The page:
Thursday, December 4, 2008

MiTTs: Enabling the Iraqis to take charge

Wearing soft hats and smiles, Basra's native soldiers' relaxed air as they patrol the city's streets serves as a tangible example of the upturn in security in southern Iraq. Helping them inch ever closer to assuming full control of Basra are British Military Transition Teams (MiTTs). Report by Stephen Tyler.

Operating in areas that less than a year ago would have taken several hundred men to take and hold, the Iraqis are making giant strides in convincing Basrawis that they are a force for good.

Central to that shift in opinion has been the implementation of the MiTT system by coalition troops. Already widely used by the US Army in Baghdad and by the British - in the form of OMLTs (Operational Mentor and Liaison Teams) - in Afghanistan, the concept is helping indigenous soldiers take charge of their country's destiny.

By allying a Military Transition Team to individual battalions of the Iraqi Army's 14th Division, the British enable the Basra-based soldiers to take the lead in establishing and maintaining security across the city.

Major Conrad Turpin of The Royal Scots Dragoon Guards, the man in charge of monitoring the transition project, explained that the principle behind successful 'mitting' is to take a back seat and allow the Iraqis to empower themselves by taking charge of everything from training programmes to operations:

"Training is a very small part of mitting," he said. "It's more about living alongside the Iraqi Army and providing support as and when they need it. We are not here to be overseers and instructors, we are here to enable them to succeed.

"Ultimately our aim is to grow and develop the 14th Division to the point where they are able to cope without us and act fully on their own. Our first job out here was to learn from them what they do and how they do it because we are not trying to impose the British way onto them. It's Iraqi-led and we have to ensure that they succeed. If they don't, the populace won't support them and they will have lost Basra."

The success of mitting is clear to see in and around Basra's southern suburbs.
Deep in territory once ruled by trigger-happy militiamen sits a bombed-out hotel that now serves as the base for a company of 50 Brigade Iraqi troops.

From their adopted home - which was a Jaish Al Mahdi stronghold less than a year ago - the soldiers carry out patrols and conduct training under a MiTT relationship with 4th Battalion The Royal Regiment of Scotland.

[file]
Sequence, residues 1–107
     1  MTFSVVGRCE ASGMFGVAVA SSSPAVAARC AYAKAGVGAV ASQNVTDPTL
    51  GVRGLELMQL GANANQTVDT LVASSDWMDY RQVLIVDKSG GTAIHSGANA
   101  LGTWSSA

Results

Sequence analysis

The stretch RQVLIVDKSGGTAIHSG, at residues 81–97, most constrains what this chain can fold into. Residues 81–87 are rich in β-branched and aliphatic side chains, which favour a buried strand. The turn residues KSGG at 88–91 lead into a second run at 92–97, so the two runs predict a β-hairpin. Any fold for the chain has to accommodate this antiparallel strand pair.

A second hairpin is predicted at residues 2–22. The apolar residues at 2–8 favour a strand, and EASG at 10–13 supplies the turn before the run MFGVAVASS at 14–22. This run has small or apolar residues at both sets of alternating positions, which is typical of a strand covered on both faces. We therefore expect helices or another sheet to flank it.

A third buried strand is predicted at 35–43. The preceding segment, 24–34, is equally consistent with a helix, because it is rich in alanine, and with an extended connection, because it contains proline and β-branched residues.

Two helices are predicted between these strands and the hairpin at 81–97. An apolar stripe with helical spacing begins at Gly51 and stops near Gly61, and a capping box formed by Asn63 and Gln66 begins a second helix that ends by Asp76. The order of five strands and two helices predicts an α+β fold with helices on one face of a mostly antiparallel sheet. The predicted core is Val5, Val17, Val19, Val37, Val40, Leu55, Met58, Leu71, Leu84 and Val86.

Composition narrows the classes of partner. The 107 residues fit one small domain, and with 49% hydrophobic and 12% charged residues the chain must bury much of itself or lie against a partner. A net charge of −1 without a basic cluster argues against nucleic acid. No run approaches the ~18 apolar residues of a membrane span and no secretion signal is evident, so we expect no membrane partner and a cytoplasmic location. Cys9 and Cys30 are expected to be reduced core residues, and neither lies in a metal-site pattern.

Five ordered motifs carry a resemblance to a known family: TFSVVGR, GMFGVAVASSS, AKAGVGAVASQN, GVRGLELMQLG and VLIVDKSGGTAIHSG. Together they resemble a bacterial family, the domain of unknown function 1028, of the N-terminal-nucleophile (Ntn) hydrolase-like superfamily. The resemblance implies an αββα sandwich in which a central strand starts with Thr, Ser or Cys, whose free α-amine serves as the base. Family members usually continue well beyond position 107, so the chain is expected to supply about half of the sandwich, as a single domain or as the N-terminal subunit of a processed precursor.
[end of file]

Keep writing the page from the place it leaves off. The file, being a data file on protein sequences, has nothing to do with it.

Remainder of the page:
Major Toby Christie, Officer Commanding, was quick to dispel any notions that the Iraqis were anything other than well-trained soldiers dedicated to securing a peaceful future for their country:
"There seems to be an impression that they are a bunch of boy scouts, but they are not," he said.
"They are professional and capable and in Operation Charge of the Knights they fought through the city like a bunch of devils."

Further evidence of the inroads mitting is making in the peace process is not hard to find. The palpable sense of danger that engulfed Basra just half-a-year ago has lifted and the locals are returning to some semblance of normality in their day-to-day lives.

Perhaps inevitably for a city that has known little other than firefights and explosions in its recent history, the streets and buildings bear the scars of battle. But with the damage comes the need for regeneration and the demand for repairs and for new equipment has given the Iraqis another chance to win favour with the population.

Military Transition Teams visit neighbourhoods within their areas to look for improvements that need to be made and are then able to apply for coalition cash to get the work done.

Local labour and material is used wherever possible and the resulting boost to both the communities and the economy is helping to turn even more hearts and minds round to the Army's way of thinking:

"We have helped with Iraqi-identified support projects like improving sewerage and drainage to win influence in the communities," continued Major Christie. "That has enabled them to learn from the process and carry out their own influence operations. It's exhausting and hard work and frustrations arise because of the cultural and language barrier, but it's been a challenge that has provided clear results after six months."

From a base in the heart of Basra, soldiers from 2nd Battalion The Royal Anglian Regiment and 9th/12th Royal Lancers have also been impressed with the increasing ability of their Iraqi counterparts.

During a dawn patrol which took troops past curious crowds of children making their way to school in unprecedented safety, Major Bev Allen of 2nd Battalion The Royal Anglian Regiment said he was pleasantly surprised with the professionalism of the 1st Battalion 51 Brigade Iraqi troops working in his MiTT:

"For me, the perception before I came was that we would be dealing with an amateur army who were not capable of operating successfully on their own," he said. "I'm glad to say that myth has been blown out of the water.

"We have done a lot of influence work and I think the Iraqis are more than capable of taking things forward. It has been a very good tour."

The infectious faith in Iraq's soldiers is spreading across the south of the country largely thanks to the support and guidance of the Military Transition Teams.

And although the Iraqi Army still has some way to go before it is ready to assume full control of Basra, Major Christie said the MiTT system has helped the Middle Eastern soldiers inch closer than ever before:

"It's still not a bed of roses and it would be mad to suggest it is," he concluded. "But things are moving fast and the city is certainly very optimistic."

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